The fact that blocking this calcium channel with a drug caused the obesity-prone rats to stop seeking food in response to the cue is further evidence of its importance.
Drug intervention and environmental factors
The same receptors have also been shown to be linked to cocaine addiction, a discovery found in work led by Ferrario’s mentor, Marina Wolf of the Rosalind Franklin University of Medicine and Science. And the nucleus accumbens has long been known to be involved in the perverse cycle of addiction to cocaine and other drugs of abuse, hijacking the region’s importance in the feeling of reward from a behavior such as eating, and the motivation to seek further rewards of the same type.
The role of CP-AMPARs in the nucleus accumbens, and in the circuits that feed into that region, in the context of food and obesity needs much more research, says Ferrario.
Since these initial experiments were done with a healthy diet and calorie restriction, she’s interested in the impact of a “junk food” diet on behavior and the receptors. She’s also interested in the impact of weight gain and weight loss in relation to female hormone cycles, since all the rats in the current paper were male.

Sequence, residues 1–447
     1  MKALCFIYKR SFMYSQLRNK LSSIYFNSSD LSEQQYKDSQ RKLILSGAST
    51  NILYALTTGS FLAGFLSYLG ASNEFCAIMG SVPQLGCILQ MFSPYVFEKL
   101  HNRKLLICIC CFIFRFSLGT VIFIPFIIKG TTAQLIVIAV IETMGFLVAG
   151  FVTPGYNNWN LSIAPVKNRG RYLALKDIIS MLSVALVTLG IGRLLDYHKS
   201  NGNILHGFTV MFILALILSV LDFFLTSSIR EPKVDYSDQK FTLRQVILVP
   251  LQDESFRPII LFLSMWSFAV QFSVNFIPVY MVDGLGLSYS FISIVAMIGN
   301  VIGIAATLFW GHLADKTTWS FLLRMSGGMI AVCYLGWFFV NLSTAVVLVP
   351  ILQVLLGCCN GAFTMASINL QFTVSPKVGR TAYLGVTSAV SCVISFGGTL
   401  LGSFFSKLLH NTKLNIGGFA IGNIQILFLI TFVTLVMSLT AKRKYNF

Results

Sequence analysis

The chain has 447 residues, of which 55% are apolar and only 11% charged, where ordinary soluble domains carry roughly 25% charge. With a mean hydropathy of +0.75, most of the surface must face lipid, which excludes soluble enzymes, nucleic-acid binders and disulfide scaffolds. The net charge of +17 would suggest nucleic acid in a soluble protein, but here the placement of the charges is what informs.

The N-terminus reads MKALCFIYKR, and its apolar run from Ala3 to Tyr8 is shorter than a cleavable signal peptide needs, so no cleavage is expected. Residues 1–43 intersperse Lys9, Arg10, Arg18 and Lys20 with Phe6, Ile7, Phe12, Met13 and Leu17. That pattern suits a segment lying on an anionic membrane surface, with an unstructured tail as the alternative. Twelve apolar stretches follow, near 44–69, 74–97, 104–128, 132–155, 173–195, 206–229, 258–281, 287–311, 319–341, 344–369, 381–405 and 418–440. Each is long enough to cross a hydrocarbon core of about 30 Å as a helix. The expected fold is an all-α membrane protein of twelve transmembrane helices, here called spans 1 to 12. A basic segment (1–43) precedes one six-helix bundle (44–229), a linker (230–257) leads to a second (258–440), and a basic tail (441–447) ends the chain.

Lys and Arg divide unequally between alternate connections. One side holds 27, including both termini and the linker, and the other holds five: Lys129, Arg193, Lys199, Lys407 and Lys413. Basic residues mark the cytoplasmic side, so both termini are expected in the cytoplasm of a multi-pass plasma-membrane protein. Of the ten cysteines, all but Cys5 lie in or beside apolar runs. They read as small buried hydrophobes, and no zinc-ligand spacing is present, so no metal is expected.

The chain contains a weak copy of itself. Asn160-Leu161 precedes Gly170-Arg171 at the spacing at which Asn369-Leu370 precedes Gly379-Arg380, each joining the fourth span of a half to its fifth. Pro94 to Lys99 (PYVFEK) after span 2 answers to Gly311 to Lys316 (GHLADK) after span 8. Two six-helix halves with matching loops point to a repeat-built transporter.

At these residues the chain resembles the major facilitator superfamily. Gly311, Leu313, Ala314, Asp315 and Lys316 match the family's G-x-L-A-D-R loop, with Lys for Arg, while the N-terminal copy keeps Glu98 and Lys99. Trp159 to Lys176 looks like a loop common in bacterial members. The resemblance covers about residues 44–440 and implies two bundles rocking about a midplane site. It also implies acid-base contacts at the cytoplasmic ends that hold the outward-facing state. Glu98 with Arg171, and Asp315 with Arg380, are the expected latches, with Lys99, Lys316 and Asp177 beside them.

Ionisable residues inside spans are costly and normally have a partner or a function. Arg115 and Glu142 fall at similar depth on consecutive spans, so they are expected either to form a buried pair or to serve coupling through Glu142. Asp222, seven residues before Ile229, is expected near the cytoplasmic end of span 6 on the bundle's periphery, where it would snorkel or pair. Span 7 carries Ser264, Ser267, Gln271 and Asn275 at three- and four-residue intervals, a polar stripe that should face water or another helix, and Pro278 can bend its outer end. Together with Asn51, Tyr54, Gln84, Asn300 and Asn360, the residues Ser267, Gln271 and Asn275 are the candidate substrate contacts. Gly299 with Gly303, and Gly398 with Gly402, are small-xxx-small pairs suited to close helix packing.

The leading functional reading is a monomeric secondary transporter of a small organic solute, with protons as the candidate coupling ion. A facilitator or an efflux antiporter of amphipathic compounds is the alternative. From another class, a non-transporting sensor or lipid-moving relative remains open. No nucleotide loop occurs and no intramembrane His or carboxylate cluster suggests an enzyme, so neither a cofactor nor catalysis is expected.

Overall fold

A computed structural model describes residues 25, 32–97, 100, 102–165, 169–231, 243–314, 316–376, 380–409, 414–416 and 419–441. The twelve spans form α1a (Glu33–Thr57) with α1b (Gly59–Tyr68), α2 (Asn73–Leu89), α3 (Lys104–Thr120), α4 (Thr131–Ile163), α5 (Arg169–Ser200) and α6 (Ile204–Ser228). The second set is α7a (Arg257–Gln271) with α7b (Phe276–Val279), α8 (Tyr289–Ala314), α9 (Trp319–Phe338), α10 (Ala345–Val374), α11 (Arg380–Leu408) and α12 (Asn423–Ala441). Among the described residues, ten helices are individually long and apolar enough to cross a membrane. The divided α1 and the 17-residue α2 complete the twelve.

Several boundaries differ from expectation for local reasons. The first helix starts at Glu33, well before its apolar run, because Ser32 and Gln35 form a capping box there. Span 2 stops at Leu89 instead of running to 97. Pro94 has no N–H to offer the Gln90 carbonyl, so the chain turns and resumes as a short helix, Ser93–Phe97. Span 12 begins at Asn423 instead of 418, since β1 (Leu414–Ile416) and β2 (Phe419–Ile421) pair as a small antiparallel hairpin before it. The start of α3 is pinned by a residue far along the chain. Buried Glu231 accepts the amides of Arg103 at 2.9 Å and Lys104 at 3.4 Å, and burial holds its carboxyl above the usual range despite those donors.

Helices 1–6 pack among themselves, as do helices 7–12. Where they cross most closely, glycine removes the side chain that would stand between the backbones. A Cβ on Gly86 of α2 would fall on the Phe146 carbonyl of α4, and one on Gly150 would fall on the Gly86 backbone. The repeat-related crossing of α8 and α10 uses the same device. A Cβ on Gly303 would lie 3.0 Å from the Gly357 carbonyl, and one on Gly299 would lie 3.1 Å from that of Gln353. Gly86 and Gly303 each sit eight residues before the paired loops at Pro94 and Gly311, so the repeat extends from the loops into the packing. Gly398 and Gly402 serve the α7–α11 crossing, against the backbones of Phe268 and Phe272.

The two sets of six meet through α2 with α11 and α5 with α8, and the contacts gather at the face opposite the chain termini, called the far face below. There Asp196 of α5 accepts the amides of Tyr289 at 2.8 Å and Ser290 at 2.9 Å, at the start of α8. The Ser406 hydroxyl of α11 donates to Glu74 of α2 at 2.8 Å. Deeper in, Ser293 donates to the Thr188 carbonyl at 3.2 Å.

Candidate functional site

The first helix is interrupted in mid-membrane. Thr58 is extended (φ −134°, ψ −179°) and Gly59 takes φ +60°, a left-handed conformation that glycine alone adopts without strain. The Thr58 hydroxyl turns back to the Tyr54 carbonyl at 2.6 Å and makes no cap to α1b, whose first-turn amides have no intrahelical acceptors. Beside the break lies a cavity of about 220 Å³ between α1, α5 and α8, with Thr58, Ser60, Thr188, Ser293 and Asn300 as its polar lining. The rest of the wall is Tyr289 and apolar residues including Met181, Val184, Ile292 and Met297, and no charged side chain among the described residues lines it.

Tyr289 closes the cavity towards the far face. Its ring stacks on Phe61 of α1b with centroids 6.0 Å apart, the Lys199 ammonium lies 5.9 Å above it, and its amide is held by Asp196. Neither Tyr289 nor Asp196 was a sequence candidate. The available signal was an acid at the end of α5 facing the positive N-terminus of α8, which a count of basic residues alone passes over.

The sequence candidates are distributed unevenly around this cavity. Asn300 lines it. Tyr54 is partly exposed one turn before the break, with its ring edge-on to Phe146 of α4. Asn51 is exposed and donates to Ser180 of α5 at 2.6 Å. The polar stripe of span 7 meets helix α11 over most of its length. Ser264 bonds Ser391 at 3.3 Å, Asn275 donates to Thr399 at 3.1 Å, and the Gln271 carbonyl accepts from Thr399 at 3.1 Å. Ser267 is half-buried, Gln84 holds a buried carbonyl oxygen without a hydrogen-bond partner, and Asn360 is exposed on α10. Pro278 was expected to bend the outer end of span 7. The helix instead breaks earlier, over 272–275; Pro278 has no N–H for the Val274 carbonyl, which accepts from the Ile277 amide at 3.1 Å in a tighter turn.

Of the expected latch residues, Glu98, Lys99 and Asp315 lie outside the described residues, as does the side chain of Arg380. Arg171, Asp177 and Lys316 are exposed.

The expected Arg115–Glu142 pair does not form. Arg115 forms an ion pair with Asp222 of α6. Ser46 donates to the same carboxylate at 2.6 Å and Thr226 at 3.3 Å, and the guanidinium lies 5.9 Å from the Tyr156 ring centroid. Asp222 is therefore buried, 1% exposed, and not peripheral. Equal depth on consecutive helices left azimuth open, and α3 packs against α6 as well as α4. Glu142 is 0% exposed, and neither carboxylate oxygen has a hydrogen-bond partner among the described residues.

Changing behaviors in response to food cues in humans won’t be as simple as delivering a drug directly into the brain. That’s just not a feasible solution, says Ferrario.
“Part of the challenge in obesity is that people can be successful in losing weight, but it’s keeping it off and having a healthy lifestyle that is the challenge,” she says. “Part of that is the psychological aspect; they have to exert more effort and take additional steps to avoid unhealthy behaviors. And that may explain why it can be so hard to change these behaviors.”
A big issue for obesity-prone people—and animals—is their surroundings.
“This cue-triggered food-seeking that has evolved over time is working to our detriment, because we are in an unhealthy food environment,” Ferrario says. “We’re not saying that this means that the fate of those who are prone to obesity is predetermined and set in stone. But we need to understand how individual differences may contribute to cue-triggered eating, how that interacts with weight gain, and how that might influence the behavioral interventions that would work best.
“And some of that understanding could actually help individuals use their cognitive control to actively suppress cravings triggered by food cues.”
The researchers report their findings in the journal Neuropharmacology.
This work was supported by the National Institute of Diabetes and Digestive and Kidney Diseases, and the National Institute on Drug Abuse, both part of the National Institutes of Health.
Source: University of Michigan